Ava Julian

Adults are constantly telling us to make choices that they don’t make themselves.

Ayma Malik, Opinion, A&E Editor

“Act your age” is something adults, especially our parents, are always telling us. We’re told to “stop being childish,” “handle our problems maturely,” and to “respect others.” But despite drilling these ideals into our heads, adults don’t always practice what they preach. 

Take the adults who berate fast food workers on TikTok for example. The adults who start yelling at servers for getting their orders wrong, and then record it and post it for millions to see. As an adult with children, or mortgages, or six-digit incomes of their own, snapping at young workers for a slight inconvenience is embarrassing and immature. I haven’t worked fast food specifically, but I have worked at a cafe and smoothie place as a barista. At both places, I’ve had customers have full meltdowns over mistakes that I didn’t even make.

At the smoothie place, I was often the only person working, (other than the manager who literally would stay in the break room all day). On multiple occasions, I was making smoothies for the customers inside, while punching in orders for the people in the drive-thru. It was easy to mix up orders, considering I would be making multiple orders at the same time.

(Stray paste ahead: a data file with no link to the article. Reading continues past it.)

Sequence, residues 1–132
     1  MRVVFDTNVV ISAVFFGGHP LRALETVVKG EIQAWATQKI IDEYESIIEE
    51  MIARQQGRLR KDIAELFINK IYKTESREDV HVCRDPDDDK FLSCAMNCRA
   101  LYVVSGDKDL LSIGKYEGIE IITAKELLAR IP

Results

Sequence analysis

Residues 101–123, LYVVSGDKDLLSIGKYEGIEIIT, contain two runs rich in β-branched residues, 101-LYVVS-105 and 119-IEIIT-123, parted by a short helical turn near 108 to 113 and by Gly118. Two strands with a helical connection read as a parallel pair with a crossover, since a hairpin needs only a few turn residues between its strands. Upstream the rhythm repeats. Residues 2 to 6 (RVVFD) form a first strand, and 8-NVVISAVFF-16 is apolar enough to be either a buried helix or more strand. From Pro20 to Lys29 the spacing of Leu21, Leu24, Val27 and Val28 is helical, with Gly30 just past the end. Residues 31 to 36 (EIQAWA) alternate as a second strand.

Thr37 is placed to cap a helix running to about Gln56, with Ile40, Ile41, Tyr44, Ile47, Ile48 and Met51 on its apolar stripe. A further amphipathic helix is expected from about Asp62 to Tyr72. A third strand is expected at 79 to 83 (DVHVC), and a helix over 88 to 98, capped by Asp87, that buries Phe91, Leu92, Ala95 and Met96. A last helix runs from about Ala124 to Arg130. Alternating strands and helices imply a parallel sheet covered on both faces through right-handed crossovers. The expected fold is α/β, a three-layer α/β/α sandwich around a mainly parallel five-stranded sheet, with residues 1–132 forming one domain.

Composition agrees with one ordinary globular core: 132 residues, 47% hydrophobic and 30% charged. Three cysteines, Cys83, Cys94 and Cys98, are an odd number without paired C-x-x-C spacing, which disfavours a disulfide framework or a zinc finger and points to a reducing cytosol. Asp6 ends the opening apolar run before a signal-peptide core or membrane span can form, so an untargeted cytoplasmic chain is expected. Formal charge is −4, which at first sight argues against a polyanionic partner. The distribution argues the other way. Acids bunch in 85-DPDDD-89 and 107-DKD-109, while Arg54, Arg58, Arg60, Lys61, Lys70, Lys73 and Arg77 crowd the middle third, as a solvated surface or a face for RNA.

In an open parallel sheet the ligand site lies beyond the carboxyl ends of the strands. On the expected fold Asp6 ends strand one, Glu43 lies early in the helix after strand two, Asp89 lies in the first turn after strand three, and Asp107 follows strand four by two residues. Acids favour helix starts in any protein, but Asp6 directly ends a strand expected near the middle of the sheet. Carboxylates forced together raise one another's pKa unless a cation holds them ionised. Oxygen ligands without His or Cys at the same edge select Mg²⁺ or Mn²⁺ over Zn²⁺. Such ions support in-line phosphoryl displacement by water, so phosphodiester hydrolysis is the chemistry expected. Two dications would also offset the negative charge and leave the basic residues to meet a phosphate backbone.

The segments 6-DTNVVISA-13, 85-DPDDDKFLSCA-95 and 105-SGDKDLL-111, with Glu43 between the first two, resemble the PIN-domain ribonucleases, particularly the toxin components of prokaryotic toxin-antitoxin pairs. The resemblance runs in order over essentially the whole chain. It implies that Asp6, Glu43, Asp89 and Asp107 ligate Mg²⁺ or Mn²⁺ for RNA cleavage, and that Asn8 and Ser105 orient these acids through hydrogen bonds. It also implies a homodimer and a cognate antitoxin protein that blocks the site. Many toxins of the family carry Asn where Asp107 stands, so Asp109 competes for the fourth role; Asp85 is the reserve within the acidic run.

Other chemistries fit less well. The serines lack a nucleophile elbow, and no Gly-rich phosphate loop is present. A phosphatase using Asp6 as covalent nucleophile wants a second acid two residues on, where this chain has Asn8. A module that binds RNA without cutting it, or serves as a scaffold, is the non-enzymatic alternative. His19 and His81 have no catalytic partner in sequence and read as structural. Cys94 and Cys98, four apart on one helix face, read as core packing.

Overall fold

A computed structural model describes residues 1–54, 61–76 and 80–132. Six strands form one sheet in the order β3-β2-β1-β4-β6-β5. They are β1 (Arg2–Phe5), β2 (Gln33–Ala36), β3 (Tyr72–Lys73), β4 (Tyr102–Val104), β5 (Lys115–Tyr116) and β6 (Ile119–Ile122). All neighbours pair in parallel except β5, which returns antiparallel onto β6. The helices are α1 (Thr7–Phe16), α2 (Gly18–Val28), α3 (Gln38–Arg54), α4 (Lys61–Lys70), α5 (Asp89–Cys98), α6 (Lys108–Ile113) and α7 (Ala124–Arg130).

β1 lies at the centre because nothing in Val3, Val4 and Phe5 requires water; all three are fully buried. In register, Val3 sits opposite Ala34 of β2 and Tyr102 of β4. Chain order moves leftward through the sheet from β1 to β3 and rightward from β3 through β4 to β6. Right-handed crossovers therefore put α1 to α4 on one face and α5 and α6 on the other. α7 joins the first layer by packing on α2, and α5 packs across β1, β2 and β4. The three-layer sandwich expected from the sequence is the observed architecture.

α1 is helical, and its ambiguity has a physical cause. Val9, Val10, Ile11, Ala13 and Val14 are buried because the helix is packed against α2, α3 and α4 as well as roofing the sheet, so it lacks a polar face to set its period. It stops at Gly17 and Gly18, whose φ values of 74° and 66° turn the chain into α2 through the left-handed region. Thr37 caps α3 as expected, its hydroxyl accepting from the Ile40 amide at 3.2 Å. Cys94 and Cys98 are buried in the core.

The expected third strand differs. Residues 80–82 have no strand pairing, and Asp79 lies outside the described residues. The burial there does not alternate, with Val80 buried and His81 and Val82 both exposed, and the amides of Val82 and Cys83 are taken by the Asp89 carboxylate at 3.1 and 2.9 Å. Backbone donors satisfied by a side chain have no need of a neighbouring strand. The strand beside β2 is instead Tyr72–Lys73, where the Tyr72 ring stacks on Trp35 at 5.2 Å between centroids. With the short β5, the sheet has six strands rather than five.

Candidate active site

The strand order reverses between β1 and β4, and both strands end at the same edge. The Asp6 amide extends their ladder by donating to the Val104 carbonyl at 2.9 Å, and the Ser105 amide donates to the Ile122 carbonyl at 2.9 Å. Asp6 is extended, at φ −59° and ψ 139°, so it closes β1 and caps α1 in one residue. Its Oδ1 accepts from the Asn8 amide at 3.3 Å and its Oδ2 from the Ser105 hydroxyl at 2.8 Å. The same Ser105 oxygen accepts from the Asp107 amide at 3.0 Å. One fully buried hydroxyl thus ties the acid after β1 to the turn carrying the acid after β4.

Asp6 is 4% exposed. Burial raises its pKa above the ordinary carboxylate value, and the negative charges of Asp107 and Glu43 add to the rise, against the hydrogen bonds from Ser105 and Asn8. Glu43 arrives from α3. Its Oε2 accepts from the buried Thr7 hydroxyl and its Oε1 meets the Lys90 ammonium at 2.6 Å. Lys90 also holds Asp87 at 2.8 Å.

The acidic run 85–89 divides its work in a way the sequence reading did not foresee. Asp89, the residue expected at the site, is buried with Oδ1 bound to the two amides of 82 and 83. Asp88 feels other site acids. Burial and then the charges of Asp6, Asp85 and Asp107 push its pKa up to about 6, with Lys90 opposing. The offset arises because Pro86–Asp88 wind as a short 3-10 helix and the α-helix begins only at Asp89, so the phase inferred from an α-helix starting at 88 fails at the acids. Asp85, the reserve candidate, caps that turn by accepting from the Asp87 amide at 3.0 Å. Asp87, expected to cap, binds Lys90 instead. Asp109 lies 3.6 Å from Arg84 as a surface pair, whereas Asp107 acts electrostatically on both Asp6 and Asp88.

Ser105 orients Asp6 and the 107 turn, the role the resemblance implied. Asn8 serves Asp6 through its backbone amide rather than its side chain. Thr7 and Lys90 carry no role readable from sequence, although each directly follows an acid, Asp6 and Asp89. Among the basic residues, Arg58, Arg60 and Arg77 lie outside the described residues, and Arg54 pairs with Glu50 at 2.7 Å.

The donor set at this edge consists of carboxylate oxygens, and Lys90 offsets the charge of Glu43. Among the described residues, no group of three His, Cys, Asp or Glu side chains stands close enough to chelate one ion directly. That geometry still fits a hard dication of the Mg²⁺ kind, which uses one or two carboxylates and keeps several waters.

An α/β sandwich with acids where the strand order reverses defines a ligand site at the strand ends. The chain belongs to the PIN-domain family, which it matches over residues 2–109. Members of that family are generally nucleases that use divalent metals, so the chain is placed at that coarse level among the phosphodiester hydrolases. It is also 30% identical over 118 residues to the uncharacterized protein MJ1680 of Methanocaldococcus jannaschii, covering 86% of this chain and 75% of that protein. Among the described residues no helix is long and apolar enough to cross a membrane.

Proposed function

One time, a woman from the drive-thru came inside and started yelling at me for giving her the wrong order. I understand getting upset, but she was borderline screaming at me.I was very obviously also the only person working, and I was also making two drinks when she started screaming at me, and all it did was infuriate me. I understand being upset over the drink, but I was clearly swamped and screaming at me, threatening to “get me fired,” is not helping either of us. For me to be the one behaving maturely in that situation was difficult for me to comprehend.

When you point out that an adult is behaving hypocritically, especially parents, they’re quick to reprimand the child or teen for being “disrespectful” or say they can behave how they want because they are older, more mature. How does that portray them as a person? When you behave exactly how you tell me not to behave, and then refuse to acknowledge your hypocrisy, it simply makes me lose respect for you. You become someone that I use as a guideline on how NOT to act, both currently and in the future once I’m an actual adult.

I, admittedly, have a lot of negative traits, and most of them are apparent and known to the people I care about. Those traits are also the ones I try to keep my younger brother from developing. It does make me feel hypocritical sometimes, because I’ll act a certain way and then go and tell him to never act that way. But I think what makes my actions different is that I can acknowledge how I display hypocrisy. I’m not defending my behavior, but I’m also not denying it. 

While I can personally distinguish between how to act and how not to, if generation after generation keeps being hypocritical like this, behaviors will never change. Doing what you know is wrong, refusing to acknowledge its wrong, and then trying to stop other people from doing it will make absolutely no difference in the world. Again, adults don’t have to be perfect all the time, but they do need to be honest. Admitting to and correcting your mistakes should be what maturity is all about, not hypocrisy and feeling superior to those younger than you.